What is more expensive steel going to mean for the crane industry?
Not long after President Trump implemented 25 percent steel tariffs and 10 percent aluminum tariffs, construction industry insiders say their steel costs are already up to 10 percent, according to a report by National Real Estate Investor.
It’s too soon for raw material costs to affect manufacturers of mobile cranes and other construction equipment, so how can that be? Turns out it’s speculation about future price increases that is pushing up prices.
Trump says his goal is to incentivize U.S.companies to buy steel and aluminum from domestic producers, driving domestic producers to make more steel and aluminum and employ more people. Steel and aluminum jobs have declined in recent years, so states in steel-producing states are optimistic this could mean more jobs.
Critics say Trump’s tariffs will hurt industries that depend on steel and aluminum, especially auto and construction, which together employ more than 7 million workers. By comparison, steel employs around 160,000. They could also spark a trade war that will harm many other industries and result higher prices for everyone.
More efficient production techniques may be more to blame for declining steel jobs than foreign competition. Each ton of steel produced today takes a mere 1.5 worker hours. The same process took more than 10 hours in 1980.
Just as with other manufacturing jobs, technology and automation are to blame for job losses—not foreign production.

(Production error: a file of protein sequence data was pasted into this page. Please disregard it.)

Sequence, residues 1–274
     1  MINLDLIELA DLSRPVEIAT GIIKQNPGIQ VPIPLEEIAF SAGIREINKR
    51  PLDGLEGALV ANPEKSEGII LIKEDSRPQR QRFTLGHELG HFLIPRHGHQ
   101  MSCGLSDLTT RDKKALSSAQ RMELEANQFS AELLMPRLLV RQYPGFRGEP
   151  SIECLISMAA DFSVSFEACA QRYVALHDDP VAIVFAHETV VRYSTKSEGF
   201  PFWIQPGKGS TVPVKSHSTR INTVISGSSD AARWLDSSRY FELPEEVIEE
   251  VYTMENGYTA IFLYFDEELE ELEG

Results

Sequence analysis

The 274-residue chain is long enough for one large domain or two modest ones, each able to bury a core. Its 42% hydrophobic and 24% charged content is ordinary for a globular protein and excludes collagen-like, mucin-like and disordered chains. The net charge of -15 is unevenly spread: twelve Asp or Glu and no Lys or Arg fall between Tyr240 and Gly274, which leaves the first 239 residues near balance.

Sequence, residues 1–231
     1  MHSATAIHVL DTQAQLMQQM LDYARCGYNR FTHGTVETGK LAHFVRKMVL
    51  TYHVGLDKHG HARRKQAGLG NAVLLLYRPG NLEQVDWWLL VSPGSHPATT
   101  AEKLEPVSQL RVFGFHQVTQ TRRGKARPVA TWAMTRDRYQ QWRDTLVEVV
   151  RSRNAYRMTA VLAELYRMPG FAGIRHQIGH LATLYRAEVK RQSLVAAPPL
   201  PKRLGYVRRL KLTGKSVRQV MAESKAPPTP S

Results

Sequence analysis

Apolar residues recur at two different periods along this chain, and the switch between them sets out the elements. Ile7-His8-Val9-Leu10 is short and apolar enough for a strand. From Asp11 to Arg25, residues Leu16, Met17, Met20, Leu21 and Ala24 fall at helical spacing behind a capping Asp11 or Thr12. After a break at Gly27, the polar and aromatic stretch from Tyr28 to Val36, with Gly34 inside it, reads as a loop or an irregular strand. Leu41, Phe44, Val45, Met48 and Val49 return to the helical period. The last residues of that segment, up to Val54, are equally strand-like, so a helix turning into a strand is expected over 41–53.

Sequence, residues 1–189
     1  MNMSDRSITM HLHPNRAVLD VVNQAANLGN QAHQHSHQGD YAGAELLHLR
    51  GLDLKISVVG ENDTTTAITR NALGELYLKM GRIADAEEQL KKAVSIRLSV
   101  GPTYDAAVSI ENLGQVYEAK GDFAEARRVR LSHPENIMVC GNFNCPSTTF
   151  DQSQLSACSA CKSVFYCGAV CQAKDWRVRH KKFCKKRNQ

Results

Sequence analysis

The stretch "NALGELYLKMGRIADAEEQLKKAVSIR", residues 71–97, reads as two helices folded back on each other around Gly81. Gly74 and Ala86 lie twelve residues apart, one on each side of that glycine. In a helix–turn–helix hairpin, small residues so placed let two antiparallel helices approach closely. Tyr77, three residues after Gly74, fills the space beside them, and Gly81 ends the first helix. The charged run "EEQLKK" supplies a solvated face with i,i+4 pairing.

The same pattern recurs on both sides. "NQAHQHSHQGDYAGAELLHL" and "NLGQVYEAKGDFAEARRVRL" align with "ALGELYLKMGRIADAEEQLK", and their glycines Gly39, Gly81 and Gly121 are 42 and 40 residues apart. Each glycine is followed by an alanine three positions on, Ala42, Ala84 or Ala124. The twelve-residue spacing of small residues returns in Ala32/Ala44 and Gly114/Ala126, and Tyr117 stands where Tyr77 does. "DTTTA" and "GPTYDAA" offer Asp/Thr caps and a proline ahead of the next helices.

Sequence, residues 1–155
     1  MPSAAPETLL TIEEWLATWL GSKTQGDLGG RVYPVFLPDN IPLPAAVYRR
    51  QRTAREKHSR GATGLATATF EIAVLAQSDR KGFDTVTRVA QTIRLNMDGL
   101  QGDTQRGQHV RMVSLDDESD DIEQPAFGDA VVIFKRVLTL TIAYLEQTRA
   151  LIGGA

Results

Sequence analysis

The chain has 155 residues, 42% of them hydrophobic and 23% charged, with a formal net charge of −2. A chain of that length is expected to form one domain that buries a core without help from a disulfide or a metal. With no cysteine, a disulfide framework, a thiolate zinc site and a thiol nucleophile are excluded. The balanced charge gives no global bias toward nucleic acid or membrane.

In 2017, 1.2 million tons of fabricated steel was produced in the U.S. with imported materials, most of it used for bridges, roads and buildings. Since the tariffs target "raw” steel, American steel manufacturers may actually be the hardest hit. Engineering News Record has reported that some domestic fabricators have already lost jobs to competitors abroad.
The panic isn’t without precedent. A tariff imposed on imported Canadian timber in November, led to a nationwide rise in home construction costs. Contractors have been raising construction costs in response. However, Trump’s tariffs currently don’t include steel coming from Canada and Mexico. Canada is America’s number one foreign supplier of steel, at 16.7 percent of total imports; Mexico is number four, at 9.4 percent. Brazil and South Korea have the second and third spots. The top four countries that send aluminum to the U.S. are Canada, Russia, the United Arab Emirates and China.
We don’t know how the tariffs will affect the ongoing construction boom, but those in the steel industry are still on board with Trump’s bold plan. Here in the Atlanta area, construction is strong and will continue to be so. But time will tell if things slow down in the other states we service.
If you have any thoughts about how the rising cost of imported steel will impact crane manufacturing, commercial construction, let us know. We’d be happy to hear from you.